Gallowglass is a good book that suffers from one major editing failure, and one minor editing or plot failure.
Quibbles aside, the story here is, in truth, a very fun and interesting one. A classic page-turner. It involves a very desperate crew's attempt to find and recover large asteroid which contains almost unimaginable mineral wealth. It is immediately apparent that this crew is as rag-tag and as flawed as they are desperate, and that their "leadership" has major issues of its own -- so it'll spoil nothing to say that things go wrong. But things don't go wrong in obvious ways, and they're not fixed in obvious ways, either. And to say that "things go wrong" really isn't the half of it.
In a sentence: This is good, old-fashioned Space SF.
So what are the editing failures?
First, every chapter begins with some sort of quote or news snippet on the effects of climate change. Another reviewer rightly called this "hectoring." If it were relevant, that would be one thing -- but this story is entirely set in space, and climate change has basically nothing to do with the plot. (It's tacked-on, to some very minor extent. All mention of climate change could be removed and the book would be better for it, and the core plot and story wouldn't change one iota.) The incessant whiny quotes and snippets seem as though they're leading to something, but it turns out that they're absolutely, completely, 100% irrelevant.
So here's a valuable tip: Read the book, but don't bother reading the quotes that start each chapter.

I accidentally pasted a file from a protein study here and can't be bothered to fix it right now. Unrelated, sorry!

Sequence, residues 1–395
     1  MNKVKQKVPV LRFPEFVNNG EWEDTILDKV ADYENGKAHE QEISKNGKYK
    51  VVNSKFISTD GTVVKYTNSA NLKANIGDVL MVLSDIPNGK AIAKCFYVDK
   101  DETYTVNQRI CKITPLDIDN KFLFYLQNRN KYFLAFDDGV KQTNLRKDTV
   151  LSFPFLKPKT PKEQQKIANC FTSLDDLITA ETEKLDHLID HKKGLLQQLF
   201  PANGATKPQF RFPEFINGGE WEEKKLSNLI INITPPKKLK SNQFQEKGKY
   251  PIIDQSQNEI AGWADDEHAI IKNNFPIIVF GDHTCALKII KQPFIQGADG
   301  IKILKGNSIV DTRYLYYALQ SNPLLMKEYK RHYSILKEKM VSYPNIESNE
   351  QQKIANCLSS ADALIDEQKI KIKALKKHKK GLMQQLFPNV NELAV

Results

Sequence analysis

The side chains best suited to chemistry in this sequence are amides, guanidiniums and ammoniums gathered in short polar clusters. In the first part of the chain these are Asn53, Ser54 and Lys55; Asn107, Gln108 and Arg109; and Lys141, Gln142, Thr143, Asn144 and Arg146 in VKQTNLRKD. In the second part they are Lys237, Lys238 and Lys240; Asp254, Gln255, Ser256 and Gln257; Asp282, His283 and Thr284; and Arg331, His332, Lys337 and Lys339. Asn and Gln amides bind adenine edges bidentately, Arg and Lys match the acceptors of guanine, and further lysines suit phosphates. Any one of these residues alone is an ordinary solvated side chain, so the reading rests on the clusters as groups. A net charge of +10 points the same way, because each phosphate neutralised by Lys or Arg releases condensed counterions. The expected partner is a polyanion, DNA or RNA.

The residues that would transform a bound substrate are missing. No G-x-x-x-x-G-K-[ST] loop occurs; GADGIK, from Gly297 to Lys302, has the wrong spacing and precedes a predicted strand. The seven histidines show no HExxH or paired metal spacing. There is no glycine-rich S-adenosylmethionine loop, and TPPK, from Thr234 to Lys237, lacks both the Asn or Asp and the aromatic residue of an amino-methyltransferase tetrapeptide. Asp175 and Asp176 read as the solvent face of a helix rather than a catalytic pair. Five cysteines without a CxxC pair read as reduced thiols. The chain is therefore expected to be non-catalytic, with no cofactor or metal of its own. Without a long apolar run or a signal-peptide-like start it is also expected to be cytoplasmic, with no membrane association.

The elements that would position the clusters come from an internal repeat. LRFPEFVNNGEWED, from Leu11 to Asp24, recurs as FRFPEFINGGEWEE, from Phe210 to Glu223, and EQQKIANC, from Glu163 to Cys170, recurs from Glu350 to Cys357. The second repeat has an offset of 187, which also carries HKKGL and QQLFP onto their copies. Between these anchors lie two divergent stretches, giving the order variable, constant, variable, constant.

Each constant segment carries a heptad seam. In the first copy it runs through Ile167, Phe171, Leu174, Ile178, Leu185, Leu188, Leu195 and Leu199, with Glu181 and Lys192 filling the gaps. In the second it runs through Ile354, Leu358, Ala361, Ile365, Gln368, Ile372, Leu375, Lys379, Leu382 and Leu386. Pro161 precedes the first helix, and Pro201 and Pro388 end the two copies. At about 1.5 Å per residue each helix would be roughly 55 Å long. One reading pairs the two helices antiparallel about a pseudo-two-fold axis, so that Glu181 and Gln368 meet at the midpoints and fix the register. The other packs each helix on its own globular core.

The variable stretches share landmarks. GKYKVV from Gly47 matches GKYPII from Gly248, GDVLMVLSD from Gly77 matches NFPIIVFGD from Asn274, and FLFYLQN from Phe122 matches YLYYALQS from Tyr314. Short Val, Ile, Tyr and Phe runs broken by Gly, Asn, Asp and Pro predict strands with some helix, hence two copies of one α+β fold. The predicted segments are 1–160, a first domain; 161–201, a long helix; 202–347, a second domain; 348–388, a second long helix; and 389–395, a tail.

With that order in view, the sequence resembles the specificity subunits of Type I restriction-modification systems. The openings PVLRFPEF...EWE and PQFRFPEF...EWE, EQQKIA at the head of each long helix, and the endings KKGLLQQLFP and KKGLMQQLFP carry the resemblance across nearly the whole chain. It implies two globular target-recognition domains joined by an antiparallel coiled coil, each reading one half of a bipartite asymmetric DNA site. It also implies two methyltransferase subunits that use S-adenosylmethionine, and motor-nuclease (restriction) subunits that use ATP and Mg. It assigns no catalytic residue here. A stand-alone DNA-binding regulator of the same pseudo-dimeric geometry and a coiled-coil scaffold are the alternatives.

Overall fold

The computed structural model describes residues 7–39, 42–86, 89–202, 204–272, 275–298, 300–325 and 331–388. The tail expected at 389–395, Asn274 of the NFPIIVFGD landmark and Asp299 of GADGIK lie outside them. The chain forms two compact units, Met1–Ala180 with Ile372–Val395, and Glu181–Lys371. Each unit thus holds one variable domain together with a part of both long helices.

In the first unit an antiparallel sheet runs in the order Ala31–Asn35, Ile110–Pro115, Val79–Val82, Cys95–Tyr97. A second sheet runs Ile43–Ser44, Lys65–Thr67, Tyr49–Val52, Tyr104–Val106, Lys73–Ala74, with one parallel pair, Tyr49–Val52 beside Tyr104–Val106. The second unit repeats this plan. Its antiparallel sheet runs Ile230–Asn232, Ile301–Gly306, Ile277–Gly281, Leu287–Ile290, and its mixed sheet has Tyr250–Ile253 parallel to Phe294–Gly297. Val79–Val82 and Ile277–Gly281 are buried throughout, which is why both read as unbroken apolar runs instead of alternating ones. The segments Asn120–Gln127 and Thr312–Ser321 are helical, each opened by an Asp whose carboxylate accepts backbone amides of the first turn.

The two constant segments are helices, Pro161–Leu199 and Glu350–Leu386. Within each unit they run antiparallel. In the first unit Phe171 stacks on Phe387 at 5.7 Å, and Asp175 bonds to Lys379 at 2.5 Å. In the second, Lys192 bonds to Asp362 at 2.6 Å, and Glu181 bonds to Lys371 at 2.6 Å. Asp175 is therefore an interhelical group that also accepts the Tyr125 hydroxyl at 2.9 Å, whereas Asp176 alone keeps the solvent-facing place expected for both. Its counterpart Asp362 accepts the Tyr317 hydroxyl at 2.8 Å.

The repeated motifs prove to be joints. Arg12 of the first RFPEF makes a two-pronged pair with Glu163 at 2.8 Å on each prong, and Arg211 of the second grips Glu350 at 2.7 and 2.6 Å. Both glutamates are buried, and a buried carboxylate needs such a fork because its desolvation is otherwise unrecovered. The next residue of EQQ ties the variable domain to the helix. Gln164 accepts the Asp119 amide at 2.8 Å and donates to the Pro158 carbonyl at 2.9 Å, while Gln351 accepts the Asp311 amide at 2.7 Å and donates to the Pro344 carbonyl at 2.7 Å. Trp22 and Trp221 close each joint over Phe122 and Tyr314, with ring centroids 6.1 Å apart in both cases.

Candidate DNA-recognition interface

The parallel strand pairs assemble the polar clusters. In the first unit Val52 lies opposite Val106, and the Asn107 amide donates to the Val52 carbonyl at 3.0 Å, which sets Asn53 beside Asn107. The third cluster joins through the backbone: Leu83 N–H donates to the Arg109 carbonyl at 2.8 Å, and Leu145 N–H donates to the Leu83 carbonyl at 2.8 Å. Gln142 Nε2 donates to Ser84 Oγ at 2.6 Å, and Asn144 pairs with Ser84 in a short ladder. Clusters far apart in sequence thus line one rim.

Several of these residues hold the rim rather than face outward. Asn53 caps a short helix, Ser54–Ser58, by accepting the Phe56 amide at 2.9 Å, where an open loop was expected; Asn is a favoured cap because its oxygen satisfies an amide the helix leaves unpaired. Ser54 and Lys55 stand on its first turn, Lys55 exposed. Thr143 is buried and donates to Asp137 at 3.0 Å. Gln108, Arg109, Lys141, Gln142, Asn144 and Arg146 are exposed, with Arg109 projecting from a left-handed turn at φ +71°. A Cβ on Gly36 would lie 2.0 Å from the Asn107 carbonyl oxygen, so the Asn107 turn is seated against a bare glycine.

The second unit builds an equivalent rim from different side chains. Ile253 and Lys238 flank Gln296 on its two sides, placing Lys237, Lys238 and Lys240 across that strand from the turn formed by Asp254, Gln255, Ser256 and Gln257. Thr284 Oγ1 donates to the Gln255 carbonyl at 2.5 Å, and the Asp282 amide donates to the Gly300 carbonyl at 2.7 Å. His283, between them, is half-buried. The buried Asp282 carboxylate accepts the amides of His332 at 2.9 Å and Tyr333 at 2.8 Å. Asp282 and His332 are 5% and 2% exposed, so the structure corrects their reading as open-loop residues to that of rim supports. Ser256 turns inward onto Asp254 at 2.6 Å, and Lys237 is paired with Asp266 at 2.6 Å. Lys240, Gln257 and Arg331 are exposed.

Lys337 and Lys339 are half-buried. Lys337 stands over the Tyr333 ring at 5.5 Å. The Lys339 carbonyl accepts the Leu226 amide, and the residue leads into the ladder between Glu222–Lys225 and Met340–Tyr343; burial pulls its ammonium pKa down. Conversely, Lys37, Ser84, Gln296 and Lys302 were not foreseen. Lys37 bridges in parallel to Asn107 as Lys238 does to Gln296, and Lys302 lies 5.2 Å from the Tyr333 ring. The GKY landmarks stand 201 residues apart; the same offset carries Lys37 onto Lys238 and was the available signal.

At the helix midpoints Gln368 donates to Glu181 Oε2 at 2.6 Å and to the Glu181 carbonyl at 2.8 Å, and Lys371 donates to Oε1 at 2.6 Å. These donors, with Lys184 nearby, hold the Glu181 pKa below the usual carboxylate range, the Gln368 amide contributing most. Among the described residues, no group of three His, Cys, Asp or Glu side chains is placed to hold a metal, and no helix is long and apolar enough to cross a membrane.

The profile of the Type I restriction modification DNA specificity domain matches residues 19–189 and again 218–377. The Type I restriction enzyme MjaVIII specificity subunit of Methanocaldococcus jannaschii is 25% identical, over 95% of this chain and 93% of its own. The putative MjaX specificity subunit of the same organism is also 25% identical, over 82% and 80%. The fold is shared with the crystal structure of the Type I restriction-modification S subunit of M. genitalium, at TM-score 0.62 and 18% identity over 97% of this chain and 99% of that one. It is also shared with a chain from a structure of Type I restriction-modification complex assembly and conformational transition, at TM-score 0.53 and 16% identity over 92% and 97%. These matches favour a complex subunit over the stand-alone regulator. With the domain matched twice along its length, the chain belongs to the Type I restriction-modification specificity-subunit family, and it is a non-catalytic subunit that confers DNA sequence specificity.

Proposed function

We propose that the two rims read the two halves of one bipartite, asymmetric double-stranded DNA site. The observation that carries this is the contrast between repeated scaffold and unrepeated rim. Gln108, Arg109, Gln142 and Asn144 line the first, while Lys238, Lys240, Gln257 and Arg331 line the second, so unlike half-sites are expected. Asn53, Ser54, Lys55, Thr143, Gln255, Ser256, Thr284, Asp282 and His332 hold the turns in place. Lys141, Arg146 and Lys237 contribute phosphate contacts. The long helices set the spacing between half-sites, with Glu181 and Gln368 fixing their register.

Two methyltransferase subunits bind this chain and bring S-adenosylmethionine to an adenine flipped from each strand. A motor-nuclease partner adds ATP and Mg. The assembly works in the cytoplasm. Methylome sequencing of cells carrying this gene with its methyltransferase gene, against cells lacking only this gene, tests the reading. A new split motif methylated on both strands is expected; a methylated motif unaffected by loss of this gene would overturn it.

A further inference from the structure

I have absolutely no idea how this got past an editor. If nothing else, it's an egregious waste of ink, and a waste of the reader's time.
The second error is actually something of a legal error. Questions of law are some of the obstacles that our protagonists must overcome:
- Who owns mining rights in space?
- Are those rights absolute?
- How are those rights attained?
- What if crimes were committed to obtain those rights?
This is mostly very interesting. But, at the end of the book, a lot of ink is wasted on a legal question that couldn't have been more obvious. That it was debated at all felt very silly -- it detracted from the story, to put it mildly. Needless to say, the author eventually came to the right conclusion. But there was no other possible conclusion, and you don't need to be a lawyer to figure it out.
Ultimately, this was a very good book with two flaws. I enjoyed it, and would have liked to give it five stars -- but, because it could have used a better editor, I'll have to give it four stars instead of five.